In 2016, Gartner Research has updated its definition, into three main functional dimensions:

  • End-user experience monitoring (EUEM) has been evolved to Digital experience monitoring (DEM);
  • A new dimension, Application discovery, tracing and diagnostics (ADTD), combines three formerly separate dimensions (Application topology [runtime architecture] discovery and visualization, User-defined transaction profiling, and Application component deep-dive), since all three are primarily focused on problem remediation and are interlinked;
  • Application analytics (AA).

Applications themselves are becoming increasingly difficult to manage as they move toward highly distributed, multi-tier, multi-element constructs that in many cases rely on application development frameworks such as .NET or Java. The APM Conceptual Framework was designed to help prioritize an approach on what to focus on first for a quick implementation and overall understanding of the five-dimensional APM model. The framework slide outlines three areas of focus for each dimension and describes their potential benefits. These areas are referenced as “Primary” below, with the lower priority dimensions referenced as “Secondary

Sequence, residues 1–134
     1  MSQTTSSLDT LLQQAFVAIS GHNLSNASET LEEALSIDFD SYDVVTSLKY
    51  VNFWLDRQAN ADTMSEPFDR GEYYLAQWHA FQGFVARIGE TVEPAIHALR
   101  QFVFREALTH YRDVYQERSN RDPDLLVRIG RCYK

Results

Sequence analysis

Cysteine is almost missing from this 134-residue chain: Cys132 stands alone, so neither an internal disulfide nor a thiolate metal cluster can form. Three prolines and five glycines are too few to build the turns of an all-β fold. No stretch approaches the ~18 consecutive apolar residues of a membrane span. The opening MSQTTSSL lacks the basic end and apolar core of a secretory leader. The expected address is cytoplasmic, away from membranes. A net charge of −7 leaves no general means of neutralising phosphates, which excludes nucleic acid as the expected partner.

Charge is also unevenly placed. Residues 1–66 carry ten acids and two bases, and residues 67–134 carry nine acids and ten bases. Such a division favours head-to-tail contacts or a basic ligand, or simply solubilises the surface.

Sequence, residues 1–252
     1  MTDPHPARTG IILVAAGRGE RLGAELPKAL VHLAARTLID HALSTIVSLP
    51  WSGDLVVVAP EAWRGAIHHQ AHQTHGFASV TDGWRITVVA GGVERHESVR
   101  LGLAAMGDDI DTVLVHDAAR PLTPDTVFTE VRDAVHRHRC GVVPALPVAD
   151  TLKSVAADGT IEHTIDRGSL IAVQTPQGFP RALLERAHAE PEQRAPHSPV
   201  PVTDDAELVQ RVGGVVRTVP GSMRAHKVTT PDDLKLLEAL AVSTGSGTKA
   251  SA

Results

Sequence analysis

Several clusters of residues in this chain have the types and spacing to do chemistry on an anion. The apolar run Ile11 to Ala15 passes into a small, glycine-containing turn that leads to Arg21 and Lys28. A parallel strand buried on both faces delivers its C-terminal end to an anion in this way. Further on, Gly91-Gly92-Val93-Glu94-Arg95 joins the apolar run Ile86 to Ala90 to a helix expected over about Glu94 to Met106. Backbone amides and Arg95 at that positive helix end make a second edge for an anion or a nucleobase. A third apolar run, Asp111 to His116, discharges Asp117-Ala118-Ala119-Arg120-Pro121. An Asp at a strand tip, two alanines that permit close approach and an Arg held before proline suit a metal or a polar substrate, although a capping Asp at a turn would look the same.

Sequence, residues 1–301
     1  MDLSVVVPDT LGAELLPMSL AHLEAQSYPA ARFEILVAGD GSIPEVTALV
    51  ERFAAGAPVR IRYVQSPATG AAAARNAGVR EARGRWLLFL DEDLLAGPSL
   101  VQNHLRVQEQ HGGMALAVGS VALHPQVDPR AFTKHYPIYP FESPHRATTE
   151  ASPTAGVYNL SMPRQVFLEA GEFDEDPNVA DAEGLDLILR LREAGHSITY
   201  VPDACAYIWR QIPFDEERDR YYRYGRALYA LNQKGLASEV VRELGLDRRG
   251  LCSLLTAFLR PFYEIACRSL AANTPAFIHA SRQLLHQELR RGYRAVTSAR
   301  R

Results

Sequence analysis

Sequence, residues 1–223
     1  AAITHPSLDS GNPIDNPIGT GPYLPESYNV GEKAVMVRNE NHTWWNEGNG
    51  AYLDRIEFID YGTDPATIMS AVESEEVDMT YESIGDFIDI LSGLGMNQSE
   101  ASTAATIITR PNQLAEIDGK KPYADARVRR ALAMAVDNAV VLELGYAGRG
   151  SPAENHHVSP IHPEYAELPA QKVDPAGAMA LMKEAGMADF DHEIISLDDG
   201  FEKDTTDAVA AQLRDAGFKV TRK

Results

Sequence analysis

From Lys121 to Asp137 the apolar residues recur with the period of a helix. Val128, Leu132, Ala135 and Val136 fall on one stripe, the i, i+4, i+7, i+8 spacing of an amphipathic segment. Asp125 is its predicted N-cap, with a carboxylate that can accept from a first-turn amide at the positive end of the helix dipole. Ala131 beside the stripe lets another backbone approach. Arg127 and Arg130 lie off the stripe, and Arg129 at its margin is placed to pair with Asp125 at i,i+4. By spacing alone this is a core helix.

End user experience (primary):

Measuring the transit of traffic from user request to data and back again is part of capturing the end-user-experience (EUE). The outcome of this measuring is referred to as Real-time Application monitoring (aka Top Down monitoring), which has two components, passive and active. Passive monitoring is usually an agentless appliance implemented using network port mirroring. A key feature to consider is the ability to support multi-component analytics (e.g., database, client/browser). Active monitoring, on the other hand, consists of synthetic probes and web robots predefined to report system availability and business transactions. Active monitoring is a good complement to passive monitoring; together, these two components help provide visibility into application health during off peak hours when transaction volume is low.

User experience management (UEM) is a subcategory that emerged from the EUE dimension to monitor the behavioral context of the user. UEM, as practiced today, goes beyond availability to capture latencies and inconsistencies as human beings interact with applications and other services. UEM is usually agent-based and may include JavaScript injection to monitor at the end user device. UEM is considered another facet of Real-time Application monitoring.